LAKE PLACID - Chris Grant loves pushing himself to the limit. He's finished the Lake Placid Ironman in his hometown six times and will be looking to do it again when the race returns on Sunday, July 28.
Grant recently completed a much longer race, however -one that covers more more than 20 times the distance of a single Ironman triathlon, which is 140.6 miles. Joining three other cyclists in June as members of Team Lake Placid, Grant pedaled his way across the United States in the 2013 Race Across America.
With teammates Doug Neugold, David George and Geoffrey Farnsworth, Grant completed a 2,993-mile race from Oceanside, Calif. to Annapolis, Md. in the 32nd edition of what he described as "the ultimate endurance bike race in the world."
Photo courtesy of Chris Grant
Team Lake Placid members Geoffrey Farnsworth, David George, Doug Neugold and Chris Grant are pictured at the finish line of the 32nd Race Across America. As a foursome, they pedaled nearly 3,000 miles in a little more than seven days.
Along with two support vans and four crew members, Team Lake Placid was one of two teams racing in the male 50-59 age group, reaching the finish line in 7 days, 7 hours and 5 minutes. The teams began the race on June 15, four days after the individual cyclists started their solo journeys.
"There's a certain amount of fun in seeing, as an endurance athlete, how far you can push yourself," Grant said. "This race was an absolute must for me."
Although Grant accounted for about a quarter of the bike miles Team Lake Placid piled up during its journey across the country, he still was basically racing non-stop for seven-plus days. Tacking on a few more days to travel from the East Coast to the start line near San Diego made the race a long adventure for Grant, who is 53.
"It was pretty much non-stop, all the way across the country," Grant said. "You're part of the experience the whole time. When your van mate is pedaling, you are usually awake watching the bike, watching the scenery. When the guys in the other van are pedaling, you leap frog ahead for 100 miles or so, and that's when you get most of your sleep. There's always one biker on the road 24 hours a day."
The Race Across America goes through 12 states, and included about 300 riders and 1,000 crew members this year. Grant said riding through the mountainous western states and those approaching the East Coast were the most enjoyable parts of the event.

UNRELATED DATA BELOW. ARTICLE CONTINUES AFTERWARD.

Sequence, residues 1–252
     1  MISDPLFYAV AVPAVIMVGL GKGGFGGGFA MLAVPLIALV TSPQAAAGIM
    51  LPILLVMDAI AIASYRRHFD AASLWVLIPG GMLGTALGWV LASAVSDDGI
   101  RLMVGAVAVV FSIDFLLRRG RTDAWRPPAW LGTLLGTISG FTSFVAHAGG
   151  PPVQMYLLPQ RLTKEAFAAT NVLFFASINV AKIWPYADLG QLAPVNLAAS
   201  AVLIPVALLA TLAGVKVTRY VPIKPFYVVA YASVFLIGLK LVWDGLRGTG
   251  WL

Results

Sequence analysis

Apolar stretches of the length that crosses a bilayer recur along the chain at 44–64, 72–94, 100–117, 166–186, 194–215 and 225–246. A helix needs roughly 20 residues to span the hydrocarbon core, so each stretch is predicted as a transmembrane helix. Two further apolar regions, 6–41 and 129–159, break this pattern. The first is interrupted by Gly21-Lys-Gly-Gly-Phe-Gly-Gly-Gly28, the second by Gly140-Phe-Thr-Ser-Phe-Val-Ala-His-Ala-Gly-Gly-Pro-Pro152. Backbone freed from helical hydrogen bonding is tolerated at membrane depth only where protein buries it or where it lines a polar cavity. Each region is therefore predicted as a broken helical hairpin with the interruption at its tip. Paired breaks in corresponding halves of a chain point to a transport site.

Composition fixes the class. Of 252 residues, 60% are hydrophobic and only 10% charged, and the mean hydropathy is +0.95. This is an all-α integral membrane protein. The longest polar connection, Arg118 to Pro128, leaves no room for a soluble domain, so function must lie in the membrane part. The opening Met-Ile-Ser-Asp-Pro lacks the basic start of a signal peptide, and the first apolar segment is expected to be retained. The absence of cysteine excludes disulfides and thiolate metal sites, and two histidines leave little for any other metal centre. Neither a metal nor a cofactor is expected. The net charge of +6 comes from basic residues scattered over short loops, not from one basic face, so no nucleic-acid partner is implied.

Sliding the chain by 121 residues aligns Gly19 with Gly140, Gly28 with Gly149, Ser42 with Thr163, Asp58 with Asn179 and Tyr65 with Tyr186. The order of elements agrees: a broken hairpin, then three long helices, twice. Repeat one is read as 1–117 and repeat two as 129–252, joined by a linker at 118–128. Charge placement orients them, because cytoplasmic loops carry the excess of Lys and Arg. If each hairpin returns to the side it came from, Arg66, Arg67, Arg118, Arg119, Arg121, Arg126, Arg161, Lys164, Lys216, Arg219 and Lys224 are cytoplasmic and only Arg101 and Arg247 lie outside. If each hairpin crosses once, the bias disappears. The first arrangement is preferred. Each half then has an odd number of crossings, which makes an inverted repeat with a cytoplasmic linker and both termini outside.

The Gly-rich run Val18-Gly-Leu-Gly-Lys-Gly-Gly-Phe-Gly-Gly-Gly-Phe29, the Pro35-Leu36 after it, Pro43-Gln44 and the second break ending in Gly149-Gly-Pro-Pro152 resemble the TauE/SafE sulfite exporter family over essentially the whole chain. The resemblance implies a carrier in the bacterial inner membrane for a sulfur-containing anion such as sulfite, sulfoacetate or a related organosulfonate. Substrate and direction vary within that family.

"The first couple of days, everybody is jazzed up. You're fresh, you're wide awake and the scenery is just amazing," he said. "But after a couple of days, it was easy to lose track of time and where you are when you are getting in and out of the van and on and off the bike.
"After we got out of the Rockies, that was the toughest part," he continued. "Riding through Kansas the road temperature was 130 degrees, and it was endless miles of nothing."
Team Lake Placid split into two groups, with Grant riding in one van with Neugold, a longtime friend from their college days at Clarkson University. Farnsworth, who lives in Montreal, and George, who is from Virginia, made up the other pairing for Team Lake Placid. Grant's son, Tyler, was the crew chief and was joined by Hannah Feinberg of Saranac Lake, Cammy Sheridan and Sylvie Frechette.
When they were the two team members doing the biking, Grant and Neugold typically switched off every 30 minutes in an effort to keep a solid pace.
Along the way, the racers checked in at 55 time stations, with Lake Henshaw, Calif. being the first and Annapolis, Md. being the next to last. When teams, as well as individuals reached the Annapolis destination, they were guided by an escort for the final 5.7 miles of the race to the finish line. The average distance between time stations was approximately 55 miles.
This year marked the second time Grant has participated in the race. He also biked in the event in 1992, the first year teams were allowed to compete in Race Across America. Back then, Grant rode with three other riders from his native state of New Jersey. Grant said if the opportunity came up to do the trip again, he wouldn't hesitate.
"Would I do it again? Absolutely," Grant said. "Endurance-wise, it's just an incredible experience. The biggest thing is logistics. You have to find a team, a crew, riders, vans and money. Putting it all together, and keeping it together is probably the hardest part."
Grant said that the goal of Team Lake Placid wasn't to win, but rather to see how well a group of four riders and their crew could come together to accomplish the task of crossing the United States on bikes.
Grant also isn't looking to turn in some remarkable finish time in the upcoming Ironman Lake Placid Triathlon. Instead, he's just looking to pass another test of endurance close to home.
"I really don't like traveling to do races, and that's why I like the Ironman race here," Grant said. "You pretty much roll out of bed and you're at the starting line. The course is challenging, it's scenic, and I probably know half the people at the aid stations. For me, it's all about seeing what kind of shape I'm in and how prepared I am."